Venting is not an effective strategy for anyone trying to cope with daily stress, whether they have perfectionistic tendencies or not. Research clearly shows that venting increases rather than decreases stress - Brad J. Bushman


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Stop Venting! It Doesn’t Work

The idea of venting can be traced as far back as Aristotle, but Freud is the one who really popularized the notion of catharsis. Most of what we assume about the need to “let it out” comes from his assertions about the danger of unexpressed feelings. In the “hydraulic model,” frustration and anger build up inside you and, unless periodically released in small bursts, cause a massive explosion. Starting in the 1960s, this theory was debunked by so many lab experiments that researcher Carol Tavris concluded in 1988, “It is time to put a bullet, once and for all, through the heart of the catharsis hypothesis.”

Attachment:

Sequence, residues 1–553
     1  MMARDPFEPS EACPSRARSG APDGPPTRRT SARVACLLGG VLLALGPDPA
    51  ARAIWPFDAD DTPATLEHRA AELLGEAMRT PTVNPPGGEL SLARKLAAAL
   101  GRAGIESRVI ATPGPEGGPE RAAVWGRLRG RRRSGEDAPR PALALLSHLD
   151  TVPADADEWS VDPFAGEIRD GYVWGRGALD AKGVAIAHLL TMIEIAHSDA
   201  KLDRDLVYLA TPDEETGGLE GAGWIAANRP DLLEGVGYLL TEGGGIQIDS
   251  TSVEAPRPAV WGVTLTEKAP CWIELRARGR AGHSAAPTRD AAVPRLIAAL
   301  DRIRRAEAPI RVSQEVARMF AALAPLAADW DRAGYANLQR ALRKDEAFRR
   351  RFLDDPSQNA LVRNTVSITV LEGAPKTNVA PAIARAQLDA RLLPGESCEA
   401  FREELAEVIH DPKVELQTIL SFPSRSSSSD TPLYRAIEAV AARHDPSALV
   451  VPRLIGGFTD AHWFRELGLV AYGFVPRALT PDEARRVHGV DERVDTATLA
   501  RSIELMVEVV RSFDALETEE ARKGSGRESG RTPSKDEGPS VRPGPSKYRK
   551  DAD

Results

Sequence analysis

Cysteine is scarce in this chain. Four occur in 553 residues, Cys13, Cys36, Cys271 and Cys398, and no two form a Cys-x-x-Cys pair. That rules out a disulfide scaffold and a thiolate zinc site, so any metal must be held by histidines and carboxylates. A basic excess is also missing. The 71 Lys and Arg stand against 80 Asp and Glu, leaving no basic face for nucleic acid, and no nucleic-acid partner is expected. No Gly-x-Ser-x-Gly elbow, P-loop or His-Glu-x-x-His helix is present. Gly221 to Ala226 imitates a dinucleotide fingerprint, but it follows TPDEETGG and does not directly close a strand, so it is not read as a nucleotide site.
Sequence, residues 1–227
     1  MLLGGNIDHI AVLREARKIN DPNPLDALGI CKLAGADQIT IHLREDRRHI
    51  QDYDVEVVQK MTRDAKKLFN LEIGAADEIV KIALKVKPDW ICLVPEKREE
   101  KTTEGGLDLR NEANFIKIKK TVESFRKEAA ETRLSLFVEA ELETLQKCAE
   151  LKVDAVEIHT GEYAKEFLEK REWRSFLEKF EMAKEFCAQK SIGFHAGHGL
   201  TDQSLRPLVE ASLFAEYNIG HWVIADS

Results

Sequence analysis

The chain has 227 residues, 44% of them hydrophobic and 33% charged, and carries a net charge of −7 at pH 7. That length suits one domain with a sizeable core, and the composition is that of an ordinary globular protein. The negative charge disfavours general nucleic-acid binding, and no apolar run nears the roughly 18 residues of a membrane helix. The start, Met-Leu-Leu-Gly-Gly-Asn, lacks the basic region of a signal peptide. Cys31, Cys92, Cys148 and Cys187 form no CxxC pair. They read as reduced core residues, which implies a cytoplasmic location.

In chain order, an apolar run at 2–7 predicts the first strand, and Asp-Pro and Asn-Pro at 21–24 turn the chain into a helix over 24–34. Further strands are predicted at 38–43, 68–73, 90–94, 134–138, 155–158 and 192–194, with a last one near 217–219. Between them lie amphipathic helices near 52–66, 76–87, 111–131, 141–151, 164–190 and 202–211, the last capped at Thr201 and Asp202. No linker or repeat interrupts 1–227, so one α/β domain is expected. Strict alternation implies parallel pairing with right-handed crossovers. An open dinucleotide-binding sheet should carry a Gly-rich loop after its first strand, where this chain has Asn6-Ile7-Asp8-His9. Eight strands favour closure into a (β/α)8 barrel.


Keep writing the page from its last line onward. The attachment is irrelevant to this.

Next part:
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 Stop Venting! It Doesn’t Work

That’s unsurprising, since many of us think venting will make things feel a little better, whether it’s complaining to co-workers about a micromanaging boss or airing frustration with your partner and kids. But while blowing off steam often feels like it works to extinguish negative emotions, academic papers and clinical work with patients show it doesn’t. In fact, it often makes things worse.

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